Negotiating with a Crazy Person
Another thought occurred to me last night as I was comparing negotiating experiences with my wife; it’s sort of an addendum to yesterday’s post and concerns negotiating with a crazy person.
In addition to the “my boss won’t let me” negotiating tactic, another common one is to place a crazy person in a position of power. I’m not sure how many times this is real, but it seems (to us) common and definitely works in many circumstances.
Here’s an example. One of the last deals I did was moderately significant—the amount of money changing hands was about $2 million. Our opponent was a smallish company with tremendous market power in one product area, and that product was what we wanted to buy. Essentially, we had no alternative but to deal with them, though we signaled relentlessly that we had other alternatives, including manufacturing a substitute product ourselves (a bluff). It was never clear whether they knew how backed into a corner we were. Given that we got a favorable deal, I think we fooled them. But who knows.
So we negotiated and negotiated and negotiated for months over various terms, of which price was the easiest (it usually is, in my experience). As we got closer and closer to a deal, our opponents started to mention their CEO, “Charlie,” a lot. “Oh, Charlie may not go for that” and “I’ll have to see what Charlie says.” In other words, this was their out (like I mentioned yesterday). They could negotiate credibly, but with a caveat that Charlie could come in and scuttle the deal. As I mentioned yesterday, this was typical in my experience, so it’s not like we were super surprised. In fact, we had our own “Charlie” character, so we started doing the same thing.
Finally, as we got down to two or three open issues, we had a call with Charlie and he was a complete asshole, as is typical in my experience with execs. He was yelling and posturing and threatening all kinds of things. In fact, he appeared completely nuts. What he said didn’t make much sense, and I even think he contradicted himself a few times. He threatened to blow up the deal, which we had worked months on. It was classic brinkmanship, the paradigm example of which seems still to be the Cuban Missile Crisis.
In brinkmanship, one or both sides signal to the other a credible threat, but they do so by letting the situation get slightly out of control. Why? Because if they didn’t let the situation get out of control, the threat would not be credible. Consider the Cuban Missile Crisis. The threat was nuclear war. No sane person wants this. Hence, each side signals that it is slightly “crazy.” Kennedy did this by pointing to his military folks and saying, essentially, “Nikita, these guys are nuts—I don’t know what they’re going to do once the blockade starts.” (For more on this, see Chapter 8 of Nalebuff and Dixit.) And it worked.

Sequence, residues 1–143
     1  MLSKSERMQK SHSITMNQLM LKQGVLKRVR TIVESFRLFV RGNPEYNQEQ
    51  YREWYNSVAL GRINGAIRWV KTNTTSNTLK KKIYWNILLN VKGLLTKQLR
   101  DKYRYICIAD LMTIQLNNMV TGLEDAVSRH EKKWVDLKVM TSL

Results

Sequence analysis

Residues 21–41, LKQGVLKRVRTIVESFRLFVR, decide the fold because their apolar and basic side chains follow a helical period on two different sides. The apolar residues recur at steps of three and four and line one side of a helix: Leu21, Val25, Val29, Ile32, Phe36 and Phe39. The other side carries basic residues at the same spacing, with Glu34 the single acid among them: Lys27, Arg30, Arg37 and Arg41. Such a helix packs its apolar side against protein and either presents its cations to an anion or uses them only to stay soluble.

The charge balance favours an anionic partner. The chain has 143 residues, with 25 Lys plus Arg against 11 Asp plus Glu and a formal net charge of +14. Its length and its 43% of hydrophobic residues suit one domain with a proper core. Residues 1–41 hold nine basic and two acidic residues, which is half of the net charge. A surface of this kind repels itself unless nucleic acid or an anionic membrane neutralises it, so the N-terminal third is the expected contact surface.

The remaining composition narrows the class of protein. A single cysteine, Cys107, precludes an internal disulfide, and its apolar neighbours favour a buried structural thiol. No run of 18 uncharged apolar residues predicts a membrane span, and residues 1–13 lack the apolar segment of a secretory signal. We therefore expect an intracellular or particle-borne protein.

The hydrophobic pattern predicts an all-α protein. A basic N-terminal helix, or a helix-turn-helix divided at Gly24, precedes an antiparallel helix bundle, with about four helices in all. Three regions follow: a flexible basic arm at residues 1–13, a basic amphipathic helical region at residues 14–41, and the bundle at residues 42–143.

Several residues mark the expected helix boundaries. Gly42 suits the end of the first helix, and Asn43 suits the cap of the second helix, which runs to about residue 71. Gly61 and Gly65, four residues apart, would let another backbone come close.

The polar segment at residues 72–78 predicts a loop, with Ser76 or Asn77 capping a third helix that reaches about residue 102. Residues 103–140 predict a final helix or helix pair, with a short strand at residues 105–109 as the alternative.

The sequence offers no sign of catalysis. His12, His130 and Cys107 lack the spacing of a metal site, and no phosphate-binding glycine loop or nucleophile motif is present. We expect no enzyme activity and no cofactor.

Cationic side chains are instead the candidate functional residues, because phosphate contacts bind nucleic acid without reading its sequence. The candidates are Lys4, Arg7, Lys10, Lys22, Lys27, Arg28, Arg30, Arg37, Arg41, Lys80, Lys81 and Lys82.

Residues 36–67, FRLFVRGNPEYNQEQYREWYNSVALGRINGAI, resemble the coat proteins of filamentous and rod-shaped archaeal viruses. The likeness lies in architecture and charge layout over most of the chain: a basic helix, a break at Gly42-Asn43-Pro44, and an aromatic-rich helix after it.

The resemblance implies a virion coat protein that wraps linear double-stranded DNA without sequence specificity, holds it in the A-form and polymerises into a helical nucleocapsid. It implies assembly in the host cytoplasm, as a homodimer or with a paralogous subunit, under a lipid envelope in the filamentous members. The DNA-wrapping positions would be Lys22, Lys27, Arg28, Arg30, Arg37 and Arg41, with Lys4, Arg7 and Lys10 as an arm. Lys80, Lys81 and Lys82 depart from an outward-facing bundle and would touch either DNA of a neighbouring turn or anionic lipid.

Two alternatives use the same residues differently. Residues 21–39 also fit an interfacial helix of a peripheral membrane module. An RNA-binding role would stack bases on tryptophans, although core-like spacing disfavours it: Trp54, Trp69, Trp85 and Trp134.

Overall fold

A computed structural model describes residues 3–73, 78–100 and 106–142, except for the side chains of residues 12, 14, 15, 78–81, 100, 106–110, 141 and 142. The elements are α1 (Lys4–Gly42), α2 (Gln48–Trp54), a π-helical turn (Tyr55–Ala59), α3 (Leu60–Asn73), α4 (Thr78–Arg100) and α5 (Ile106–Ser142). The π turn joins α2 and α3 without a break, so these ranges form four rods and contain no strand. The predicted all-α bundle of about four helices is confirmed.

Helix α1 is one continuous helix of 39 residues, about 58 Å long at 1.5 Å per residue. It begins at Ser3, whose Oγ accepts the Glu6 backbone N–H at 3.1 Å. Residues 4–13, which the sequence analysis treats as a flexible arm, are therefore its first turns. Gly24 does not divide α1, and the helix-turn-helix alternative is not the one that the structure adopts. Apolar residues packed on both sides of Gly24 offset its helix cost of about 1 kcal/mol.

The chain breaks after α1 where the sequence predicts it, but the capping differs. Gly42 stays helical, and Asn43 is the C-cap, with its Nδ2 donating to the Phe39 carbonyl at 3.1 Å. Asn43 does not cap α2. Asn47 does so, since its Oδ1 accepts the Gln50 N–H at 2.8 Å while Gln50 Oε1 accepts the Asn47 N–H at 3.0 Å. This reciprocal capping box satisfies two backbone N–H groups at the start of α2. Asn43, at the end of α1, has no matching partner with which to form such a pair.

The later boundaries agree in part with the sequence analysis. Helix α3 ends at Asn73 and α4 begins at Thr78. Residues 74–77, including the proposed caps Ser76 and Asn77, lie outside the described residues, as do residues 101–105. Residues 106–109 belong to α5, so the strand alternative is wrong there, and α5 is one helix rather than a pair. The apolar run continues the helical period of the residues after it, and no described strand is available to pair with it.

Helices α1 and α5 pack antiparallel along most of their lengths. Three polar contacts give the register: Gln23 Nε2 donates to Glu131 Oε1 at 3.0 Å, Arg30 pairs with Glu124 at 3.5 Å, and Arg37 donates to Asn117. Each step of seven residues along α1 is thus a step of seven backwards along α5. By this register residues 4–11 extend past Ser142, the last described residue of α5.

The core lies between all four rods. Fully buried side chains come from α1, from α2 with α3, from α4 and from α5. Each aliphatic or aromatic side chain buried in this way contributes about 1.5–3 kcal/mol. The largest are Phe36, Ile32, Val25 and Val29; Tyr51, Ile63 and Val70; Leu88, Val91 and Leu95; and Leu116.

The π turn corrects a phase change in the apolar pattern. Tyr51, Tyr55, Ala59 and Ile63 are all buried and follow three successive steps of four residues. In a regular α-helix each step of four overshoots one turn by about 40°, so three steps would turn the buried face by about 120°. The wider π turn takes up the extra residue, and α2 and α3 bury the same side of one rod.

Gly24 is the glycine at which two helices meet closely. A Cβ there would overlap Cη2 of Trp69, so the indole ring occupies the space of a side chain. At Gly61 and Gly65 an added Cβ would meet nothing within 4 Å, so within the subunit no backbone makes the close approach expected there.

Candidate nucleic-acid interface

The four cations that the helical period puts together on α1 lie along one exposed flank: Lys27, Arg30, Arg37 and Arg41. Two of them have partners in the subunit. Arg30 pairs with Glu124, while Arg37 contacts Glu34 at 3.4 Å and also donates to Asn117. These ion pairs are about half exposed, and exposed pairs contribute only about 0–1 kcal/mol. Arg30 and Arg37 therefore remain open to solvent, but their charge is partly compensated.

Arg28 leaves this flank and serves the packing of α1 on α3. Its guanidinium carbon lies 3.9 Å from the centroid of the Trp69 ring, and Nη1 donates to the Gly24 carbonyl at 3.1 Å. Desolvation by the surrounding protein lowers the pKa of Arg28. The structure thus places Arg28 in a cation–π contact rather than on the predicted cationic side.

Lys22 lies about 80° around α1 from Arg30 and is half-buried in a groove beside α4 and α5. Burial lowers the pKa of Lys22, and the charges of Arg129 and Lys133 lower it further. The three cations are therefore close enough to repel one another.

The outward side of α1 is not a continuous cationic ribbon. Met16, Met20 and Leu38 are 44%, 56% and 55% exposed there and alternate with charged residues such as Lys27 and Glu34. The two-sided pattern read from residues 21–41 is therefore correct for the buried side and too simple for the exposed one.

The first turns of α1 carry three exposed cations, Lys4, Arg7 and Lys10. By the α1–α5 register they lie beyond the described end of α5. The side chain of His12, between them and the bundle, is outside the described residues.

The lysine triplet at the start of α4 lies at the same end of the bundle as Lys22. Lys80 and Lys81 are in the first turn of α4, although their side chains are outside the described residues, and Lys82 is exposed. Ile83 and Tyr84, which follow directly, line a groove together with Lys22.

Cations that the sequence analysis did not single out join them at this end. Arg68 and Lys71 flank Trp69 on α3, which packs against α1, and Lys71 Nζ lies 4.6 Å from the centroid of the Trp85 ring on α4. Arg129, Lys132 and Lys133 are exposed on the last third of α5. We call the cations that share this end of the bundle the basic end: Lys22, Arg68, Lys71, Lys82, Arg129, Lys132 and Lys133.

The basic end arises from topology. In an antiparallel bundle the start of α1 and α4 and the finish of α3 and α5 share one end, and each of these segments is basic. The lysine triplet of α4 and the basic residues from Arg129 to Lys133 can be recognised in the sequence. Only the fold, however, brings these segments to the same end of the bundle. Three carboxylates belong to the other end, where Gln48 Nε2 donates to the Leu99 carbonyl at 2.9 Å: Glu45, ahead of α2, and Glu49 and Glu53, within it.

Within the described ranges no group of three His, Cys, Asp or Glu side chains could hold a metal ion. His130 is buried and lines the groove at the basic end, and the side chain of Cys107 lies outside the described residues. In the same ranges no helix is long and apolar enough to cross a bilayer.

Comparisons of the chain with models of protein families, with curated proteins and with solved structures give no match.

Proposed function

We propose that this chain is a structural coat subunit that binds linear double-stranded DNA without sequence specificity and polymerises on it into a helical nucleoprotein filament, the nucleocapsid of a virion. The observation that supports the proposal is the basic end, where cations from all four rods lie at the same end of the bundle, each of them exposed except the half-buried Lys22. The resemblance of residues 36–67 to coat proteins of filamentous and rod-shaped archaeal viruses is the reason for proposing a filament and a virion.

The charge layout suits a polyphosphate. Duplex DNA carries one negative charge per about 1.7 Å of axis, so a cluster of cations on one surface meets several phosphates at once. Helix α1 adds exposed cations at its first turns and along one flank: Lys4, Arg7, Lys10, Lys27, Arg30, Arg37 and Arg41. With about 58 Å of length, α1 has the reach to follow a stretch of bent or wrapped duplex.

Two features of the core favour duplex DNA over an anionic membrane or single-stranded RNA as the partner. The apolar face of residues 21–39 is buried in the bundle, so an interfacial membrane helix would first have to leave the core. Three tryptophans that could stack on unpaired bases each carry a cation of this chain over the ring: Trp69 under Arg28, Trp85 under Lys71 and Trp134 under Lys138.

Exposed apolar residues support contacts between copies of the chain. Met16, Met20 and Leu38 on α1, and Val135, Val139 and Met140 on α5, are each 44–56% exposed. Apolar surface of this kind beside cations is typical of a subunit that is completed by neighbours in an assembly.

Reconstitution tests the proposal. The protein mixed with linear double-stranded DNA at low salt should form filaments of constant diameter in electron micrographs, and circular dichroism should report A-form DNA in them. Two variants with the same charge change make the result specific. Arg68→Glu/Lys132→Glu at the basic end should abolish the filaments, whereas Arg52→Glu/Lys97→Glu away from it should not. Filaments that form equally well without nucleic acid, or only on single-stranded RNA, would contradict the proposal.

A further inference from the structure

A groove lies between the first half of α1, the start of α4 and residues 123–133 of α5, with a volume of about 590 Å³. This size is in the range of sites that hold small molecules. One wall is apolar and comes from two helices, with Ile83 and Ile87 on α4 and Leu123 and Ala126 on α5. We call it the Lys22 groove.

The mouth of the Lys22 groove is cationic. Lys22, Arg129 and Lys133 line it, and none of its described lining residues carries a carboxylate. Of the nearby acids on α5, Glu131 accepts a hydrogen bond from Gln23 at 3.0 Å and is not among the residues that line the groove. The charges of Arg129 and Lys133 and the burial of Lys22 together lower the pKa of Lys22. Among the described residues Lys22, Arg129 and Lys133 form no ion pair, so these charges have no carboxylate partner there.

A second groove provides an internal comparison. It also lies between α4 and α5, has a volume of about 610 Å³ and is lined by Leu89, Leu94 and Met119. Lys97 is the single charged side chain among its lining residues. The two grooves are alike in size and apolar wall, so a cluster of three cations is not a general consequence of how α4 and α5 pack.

In my negotiation, Charlie was the joker in the pack who threatened to take us over the brink into “no-deal” land. He played his role well. And I think he did the right thing. But why?
First, the drones actually negotiating the agreement will be subject to all sorts of biases, such as loss aversion. So, they’ve spent 9 months (or whatever) and hundreds of hours negotiating this agreement. They want to close. It’s only human. And since this is a sale, the salesman on the negotiating team wants a commission. He mostly cares about price. He cares somewhat less that there are other, unfavorable terms in the deal (such as warranties or indemnities). So the interests of the negotiators are not aligned perfectly with those of the company. Economists call this an “agency cost.”
Given this agency cost (read: disconnect between the incentives of the boss and the worker) Charlie was right to look at the deal afresh and think, “Is this a good deal for my company?” He had to credibly signal to us that he would do this, and that if the deal looked stinky, he would blow it up, no matter how much time his underlings had spent negotiating it. This is the right thing to do.
How did his craziness fit in? It made his threat of blowing up the deal credible. If he had acted totally rationally, we would have been more likely to be able to predict his action, and that could have made his threat less credible. For instance, if we knew it was rational for him to take the deal, and we knew he was rational, then we would have seen his, “I’m doing to torpedo this deal!” fulminations as bluffs. Of course, there are many ways to be unpredictable. But acting crazy or irrationally is easy and can’t be misinterpreted by the other side. Subtlety is nice is some things (very few, actually), but not here. You want to send clear signals.
We had our own crazy person, a VP named “Ed,” who was a complete dick. He was smart and everything, but he was unpredictable and very similar to Charlie. So we each had our joker in the pack, but we didn’t bring them out too early. Had we done that, the threat of “no deal” would have made us less likely to negotiate in earnest. So, stick a crazy person somewhere in your negotiation, but don’t play them too early.